In this context, it could even be argued he could walk back his threats to undo NAFTA, and to tear up the Iran deal and the Affordable Care Act (parts of which he recently said he “really likes”). Reports suggest his advisers are looking for a way out of the Paris climate accord, though both China and India issued stern warnings shortly after the election informing the president-elect that he would be defying the wishes of the entire planet if he withdrew from the agreement.

Whatever he decides about the international agreements, the environment is in for a beating. As reported in The Washington Post, there is little in Trump’s pro-business record or rhetoric to suggest he will not follow through on his promise “to roll back Obama’s signature effort to reduce greenhouse-gas emissions, known as the Clean Power Plan, and to scrap the litany of other ‘unnecessary rules’, especially those imposed on the oil, gas and coal sectors.”

Trump has already tapped Myron Ebell, an oil industry mouthpiece and recipient of Koch brothers’ largesse, to oversee the transition at the EPA. Ebell sees the environmental movement as alarmist and overzealous, and according to the Post “has argued for opening up federal lands for logging, oil and gas exploration and coal mining, and for turning over more permitting authority to the states.” Ebell, unsurprisingly, questions the international consensus that human activity plays a role in driving global warming.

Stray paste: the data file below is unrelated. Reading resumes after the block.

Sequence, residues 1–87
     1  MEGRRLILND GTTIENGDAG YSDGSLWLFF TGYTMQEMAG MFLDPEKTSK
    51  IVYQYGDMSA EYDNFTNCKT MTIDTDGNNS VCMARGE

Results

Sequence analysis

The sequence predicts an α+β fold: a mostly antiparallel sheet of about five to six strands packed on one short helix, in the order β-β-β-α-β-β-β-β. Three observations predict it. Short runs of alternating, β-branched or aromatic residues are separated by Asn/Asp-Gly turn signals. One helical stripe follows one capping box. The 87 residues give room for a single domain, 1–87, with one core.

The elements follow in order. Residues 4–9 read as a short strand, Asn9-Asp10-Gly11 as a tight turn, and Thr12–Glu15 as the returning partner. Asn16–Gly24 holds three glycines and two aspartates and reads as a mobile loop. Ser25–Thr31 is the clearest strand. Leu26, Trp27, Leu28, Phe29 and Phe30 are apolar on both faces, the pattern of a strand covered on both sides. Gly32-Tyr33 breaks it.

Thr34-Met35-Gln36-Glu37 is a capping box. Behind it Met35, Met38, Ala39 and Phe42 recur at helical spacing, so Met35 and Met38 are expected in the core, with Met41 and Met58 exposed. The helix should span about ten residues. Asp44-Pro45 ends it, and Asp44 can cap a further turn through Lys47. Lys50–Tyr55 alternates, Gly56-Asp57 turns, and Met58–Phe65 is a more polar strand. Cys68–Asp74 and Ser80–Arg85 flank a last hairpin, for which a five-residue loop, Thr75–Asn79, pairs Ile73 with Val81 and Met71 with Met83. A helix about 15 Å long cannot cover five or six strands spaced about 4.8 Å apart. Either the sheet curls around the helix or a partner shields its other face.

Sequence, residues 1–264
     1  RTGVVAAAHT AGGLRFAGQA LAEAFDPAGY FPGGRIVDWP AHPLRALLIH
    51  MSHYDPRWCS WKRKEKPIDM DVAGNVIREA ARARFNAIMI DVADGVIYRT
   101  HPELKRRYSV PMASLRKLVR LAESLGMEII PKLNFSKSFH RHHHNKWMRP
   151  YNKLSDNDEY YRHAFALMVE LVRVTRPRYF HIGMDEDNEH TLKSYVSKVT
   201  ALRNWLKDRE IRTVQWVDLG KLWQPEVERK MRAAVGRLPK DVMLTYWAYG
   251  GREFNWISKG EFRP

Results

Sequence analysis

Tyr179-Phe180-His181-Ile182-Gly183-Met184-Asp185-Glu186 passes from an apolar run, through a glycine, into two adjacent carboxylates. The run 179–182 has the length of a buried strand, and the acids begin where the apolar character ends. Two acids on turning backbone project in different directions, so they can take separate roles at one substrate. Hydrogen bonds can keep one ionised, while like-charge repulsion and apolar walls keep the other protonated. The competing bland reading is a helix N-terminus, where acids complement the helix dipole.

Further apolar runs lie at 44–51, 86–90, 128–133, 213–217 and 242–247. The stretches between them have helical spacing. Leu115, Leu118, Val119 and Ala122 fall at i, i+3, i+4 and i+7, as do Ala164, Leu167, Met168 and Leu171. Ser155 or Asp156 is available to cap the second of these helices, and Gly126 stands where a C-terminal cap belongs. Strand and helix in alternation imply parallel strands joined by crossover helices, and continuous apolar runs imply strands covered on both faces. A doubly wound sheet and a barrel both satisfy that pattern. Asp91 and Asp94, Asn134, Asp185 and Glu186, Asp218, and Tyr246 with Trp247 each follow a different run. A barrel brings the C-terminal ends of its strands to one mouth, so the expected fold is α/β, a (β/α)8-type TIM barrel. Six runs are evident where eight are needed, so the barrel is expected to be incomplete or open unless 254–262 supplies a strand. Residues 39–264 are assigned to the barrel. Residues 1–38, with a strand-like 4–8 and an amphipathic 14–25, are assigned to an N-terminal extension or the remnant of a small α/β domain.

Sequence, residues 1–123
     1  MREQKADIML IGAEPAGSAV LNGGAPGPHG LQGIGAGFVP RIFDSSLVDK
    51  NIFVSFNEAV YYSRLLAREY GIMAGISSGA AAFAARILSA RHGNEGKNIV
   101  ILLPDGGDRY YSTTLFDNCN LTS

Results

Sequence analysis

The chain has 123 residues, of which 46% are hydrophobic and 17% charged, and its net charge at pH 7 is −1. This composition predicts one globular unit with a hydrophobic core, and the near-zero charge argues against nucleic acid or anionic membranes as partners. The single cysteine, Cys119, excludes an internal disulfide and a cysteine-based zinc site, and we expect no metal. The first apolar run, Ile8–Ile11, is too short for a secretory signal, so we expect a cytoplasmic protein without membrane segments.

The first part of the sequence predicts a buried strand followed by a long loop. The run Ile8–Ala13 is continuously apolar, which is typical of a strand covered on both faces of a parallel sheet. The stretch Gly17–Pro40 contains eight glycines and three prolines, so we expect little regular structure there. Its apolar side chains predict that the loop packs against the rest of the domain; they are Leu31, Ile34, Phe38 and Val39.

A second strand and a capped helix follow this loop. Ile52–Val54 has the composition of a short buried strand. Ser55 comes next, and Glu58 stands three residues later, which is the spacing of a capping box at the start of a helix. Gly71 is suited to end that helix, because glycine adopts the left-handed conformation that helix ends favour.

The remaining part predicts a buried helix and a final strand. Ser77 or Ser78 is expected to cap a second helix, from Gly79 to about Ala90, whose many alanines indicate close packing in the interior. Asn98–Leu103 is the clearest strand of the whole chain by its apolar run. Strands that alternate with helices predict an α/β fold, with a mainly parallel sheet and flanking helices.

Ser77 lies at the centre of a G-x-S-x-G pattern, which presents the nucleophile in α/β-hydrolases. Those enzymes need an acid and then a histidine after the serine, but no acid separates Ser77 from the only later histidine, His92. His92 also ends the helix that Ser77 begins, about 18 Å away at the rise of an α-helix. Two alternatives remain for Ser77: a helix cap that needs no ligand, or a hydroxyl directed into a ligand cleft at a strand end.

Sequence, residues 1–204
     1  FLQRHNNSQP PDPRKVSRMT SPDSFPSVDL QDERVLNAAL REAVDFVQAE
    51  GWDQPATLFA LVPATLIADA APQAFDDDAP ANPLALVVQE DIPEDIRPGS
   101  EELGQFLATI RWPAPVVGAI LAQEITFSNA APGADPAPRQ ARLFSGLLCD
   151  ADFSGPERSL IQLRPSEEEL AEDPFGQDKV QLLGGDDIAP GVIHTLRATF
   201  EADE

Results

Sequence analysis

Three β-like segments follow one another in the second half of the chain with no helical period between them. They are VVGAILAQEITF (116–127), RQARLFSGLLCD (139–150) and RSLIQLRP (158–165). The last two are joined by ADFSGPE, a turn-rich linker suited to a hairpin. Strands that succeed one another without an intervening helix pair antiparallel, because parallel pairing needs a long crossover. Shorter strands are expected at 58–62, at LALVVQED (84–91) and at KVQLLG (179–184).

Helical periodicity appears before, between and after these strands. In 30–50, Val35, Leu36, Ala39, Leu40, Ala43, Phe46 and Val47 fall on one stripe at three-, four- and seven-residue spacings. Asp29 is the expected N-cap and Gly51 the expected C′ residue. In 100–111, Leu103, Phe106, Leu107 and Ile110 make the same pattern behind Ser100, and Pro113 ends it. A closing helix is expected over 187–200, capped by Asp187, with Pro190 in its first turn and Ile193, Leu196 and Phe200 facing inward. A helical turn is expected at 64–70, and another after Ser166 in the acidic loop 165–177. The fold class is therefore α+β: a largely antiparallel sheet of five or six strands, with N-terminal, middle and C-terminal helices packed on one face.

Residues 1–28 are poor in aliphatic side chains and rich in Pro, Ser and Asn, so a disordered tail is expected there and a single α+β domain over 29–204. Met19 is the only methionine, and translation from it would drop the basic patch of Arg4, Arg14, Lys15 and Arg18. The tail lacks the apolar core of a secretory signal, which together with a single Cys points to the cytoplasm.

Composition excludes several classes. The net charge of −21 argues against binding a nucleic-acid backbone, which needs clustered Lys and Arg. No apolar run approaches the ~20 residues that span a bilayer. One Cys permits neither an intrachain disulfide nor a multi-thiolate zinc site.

Yet if we’re counting on the Trump voter to object to this new direction, we have a lot of work to do. In Strangers in Their Own Land, Arlie Hochschild reports that the victims of severe environmental degradation hate the Environmental Protection Agency as much as the large corporations responsible for the damage, and regularly vote for candidates who want to shut down the agency. One of her subjects tells Hochschild, without a trace of irony, “Pollution is the sacrifice we make for capitalism.”